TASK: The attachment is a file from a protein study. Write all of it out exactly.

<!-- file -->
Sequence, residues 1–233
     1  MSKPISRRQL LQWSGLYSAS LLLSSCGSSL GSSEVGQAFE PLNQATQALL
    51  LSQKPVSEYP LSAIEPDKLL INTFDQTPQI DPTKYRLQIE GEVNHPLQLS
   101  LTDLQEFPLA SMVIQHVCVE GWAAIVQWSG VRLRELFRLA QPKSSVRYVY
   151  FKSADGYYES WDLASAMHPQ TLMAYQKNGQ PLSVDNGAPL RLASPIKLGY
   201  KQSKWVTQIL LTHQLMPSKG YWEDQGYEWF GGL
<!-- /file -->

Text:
Sequence, residues 1–233
     1  MSKPISRRQL LQWSGLYSAS LLLSSCGSSL GSSEVGQAFE PLNQATQALL
    51  LSQKPVSEYP LSAIEPDKLL INTFDQTPQI DPTKYRLQIE GEVNHPLQLS
   101  LTDLQEFPLA SMVIQHVCVE GWAAIVQWSG VRLRELFRLA QPKSSVRYVY
   151  FKSADGYYES WDLASAMHPQ TLMAYQKNGQ PLSVDNGAPL RLASPIKLGY
   201  KQSKWVTQIL LTHQLMPSKG YWEDQGYEWF GGL